SAN FRANCISCO — One day, satellites could operate autonomously, dodging debris and solving their own software problems. Currently, engineers continuously monitor satellites to detect and diagnose problems.
“Satellites are unwilling to make decisions about what to do because they don’t know what’s going on with them,” RS21 chief technology officer Kameron Baumgartner said in a recent interview.
RS21’s artificial intelligence-based software called Space Prognostic AI Custodian Ecosystem or SPAICE aims to improve satellite monitoring.
RS21 received a patent for training AI and machine learning algorithms based on satellite telemetry and historical data. The patent describes an online portal for interacting with satellite operators “to initiate and facilitate investigations.”
“We’ve seen an overwhelming interest in satellite AI technology and it’s a really good time to start working on solving problems in this industry,” Charles Rath, RS21’s President and CEO, said via email . “Our SPAICE patent gives us a competitive advantage by differentiating our product and attracting new investments as we scale.”
Before participating in Hyperspace Challenge 2020, RS21 focused on healthcare, homeland security and other markets. The Air Force Research Laboratory, which administers the Hyperspace Challenge, invited RS21 to participate.
Through the Hyperspace Challenge, RS21’s software engineers noticed similarities between predicting satellite problems based on historical data and telemetry, and predicting human health problems based on genomes and medical histories.
“We were able to build a pipeline for each satellite to have a separate model based on either flight data or data from pre-launch engineering and safety training,” Baumgartner said.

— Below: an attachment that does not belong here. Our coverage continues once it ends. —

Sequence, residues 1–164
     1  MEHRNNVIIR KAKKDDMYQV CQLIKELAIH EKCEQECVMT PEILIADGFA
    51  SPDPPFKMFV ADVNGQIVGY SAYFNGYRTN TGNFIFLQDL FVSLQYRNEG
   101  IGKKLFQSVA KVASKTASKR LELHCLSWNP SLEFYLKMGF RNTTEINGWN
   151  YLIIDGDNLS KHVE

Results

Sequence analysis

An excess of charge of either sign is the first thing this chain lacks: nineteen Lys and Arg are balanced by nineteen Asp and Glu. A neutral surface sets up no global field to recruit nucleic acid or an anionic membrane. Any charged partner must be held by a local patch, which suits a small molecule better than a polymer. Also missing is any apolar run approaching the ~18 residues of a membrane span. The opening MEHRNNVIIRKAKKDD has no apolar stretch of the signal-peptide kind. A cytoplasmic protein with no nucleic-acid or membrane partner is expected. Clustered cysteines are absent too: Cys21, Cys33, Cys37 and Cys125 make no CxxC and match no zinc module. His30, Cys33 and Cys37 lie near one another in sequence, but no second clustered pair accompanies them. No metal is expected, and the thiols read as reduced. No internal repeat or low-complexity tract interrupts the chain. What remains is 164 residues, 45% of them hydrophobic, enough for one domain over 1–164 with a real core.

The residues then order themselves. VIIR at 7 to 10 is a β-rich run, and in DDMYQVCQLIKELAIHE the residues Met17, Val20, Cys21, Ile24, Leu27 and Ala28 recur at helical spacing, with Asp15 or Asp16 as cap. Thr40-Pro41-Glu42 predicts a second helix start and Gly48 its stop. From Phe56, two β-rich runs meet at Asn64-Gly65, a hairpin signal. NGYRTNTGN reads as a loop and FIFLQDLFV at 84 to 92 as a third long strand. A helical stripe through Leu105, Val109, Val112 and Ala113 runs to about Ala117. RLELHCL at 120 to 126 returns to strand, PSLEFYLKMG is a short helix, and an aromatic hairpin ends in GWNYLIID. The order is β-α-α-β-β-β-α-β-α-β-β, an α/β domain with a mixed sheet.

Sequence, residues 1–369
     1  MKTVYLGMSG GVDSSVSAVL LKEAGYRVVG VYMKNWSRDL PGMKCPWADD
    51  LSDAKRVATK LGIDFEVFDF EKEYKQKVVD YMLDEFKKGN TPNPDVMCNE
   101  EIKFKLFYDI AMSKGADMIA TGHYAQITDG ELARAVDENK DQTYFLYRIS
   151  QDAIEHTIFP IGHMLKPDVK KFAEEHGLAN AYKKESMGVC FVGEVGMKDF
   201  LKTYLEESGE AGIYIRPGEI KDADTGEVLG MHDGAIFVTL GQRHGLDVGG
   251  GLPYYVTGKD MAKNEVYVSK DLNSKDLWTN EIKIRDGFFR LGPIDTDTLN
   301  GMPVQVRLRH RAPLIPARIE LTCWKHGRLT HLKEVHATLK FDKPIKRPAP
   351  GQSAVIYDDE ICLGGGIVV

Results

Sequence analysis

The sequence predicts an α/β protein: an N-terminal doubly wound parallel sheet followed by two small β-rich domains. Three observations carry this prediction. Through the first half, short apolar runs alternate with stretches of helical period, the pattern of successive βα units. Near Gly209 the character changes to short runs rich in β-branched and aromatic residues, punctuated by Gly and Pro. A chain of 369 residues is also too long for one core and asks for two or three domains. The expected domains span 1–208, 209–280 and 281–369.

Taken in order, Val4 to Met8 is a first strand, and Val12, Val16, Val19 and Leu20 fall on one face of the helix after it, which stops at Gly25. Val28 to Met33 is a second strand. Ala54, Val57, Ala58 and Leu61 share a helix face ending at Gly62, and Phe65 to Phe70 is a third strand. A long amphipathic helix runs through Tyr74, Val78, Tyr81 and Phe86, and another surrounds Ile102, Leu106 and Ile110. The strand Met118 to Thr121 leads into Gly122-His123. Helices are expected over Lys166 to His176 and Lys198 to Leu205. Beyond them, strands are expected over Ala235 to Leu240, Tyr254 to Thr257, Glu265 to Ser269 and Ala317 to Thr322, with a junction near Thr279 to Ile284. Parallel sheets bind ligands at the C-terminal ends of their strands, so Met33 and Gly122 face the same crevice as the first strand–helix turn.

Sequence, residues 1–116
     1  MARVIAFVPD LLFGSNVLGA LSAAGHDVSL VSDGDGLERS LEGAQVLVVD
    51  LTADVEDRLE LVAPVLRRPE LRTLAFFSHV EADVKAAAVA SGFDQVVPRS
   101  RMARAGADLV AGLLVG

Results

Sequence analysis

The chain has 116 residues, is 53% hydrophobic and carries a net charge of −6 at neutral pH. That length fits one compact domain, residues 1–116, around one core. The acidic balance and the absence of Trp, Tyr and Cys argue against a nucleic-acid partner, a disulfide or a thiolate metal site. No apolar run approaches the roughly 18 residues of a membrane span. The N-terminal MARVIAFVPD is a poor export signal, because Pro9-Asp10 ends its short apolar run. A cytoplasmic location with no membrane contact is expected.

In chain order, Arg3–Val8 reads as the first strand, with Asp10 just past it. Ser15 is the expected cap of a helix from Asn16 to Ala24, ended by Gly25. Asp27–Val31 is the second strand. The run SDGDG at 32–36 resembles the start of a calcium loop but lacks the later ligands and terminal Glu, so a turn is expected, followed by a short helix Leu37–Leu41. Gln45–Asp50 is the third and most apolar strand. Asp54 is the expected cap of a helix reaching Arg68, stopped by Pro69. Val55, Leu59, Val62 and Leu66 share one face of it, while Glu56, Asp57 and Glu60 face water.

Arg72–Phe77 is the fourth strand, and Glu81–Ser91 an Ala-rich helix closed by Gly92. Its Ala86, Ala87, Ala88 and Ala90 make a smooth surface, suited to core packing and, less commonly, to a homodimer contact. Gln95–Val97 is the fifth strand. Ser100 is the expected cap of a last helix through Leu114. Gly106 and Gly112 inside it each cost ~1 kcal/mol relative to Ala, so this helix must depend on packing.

Interest of the Space Forces
RS21’s ability to apply a biology analysis tool “for predictive analysis for failure of internal satellite components” immediately caught the Space Force’s attention, said Gabe Mounce, SpaceWERX associate director and director of the AFRL Outreach & Tech Engagement Office in New Mexico a recent interview. “The national security space company is trying to understand how spacecraft can be better monitored. Anything that predicts if there will be problems so operators can prepare to deal with them is super attractive.”
In 2021 and 2022, RS21 won a U.S. Space Force Small Business Innovation Research contract to develop, test, and deploy SPAICE in the ground software for the Department of Defense’s Space Test Program-7 mission, scheduled to launch later this year.
Since RS21 retains the rights to its SPAICE intellectual property, “we have something unique to bring to market,” Rath said. “It’s tremendous fuel for RS21’s growth, and expanding our space technology could increase sales tenfold over the next three years.”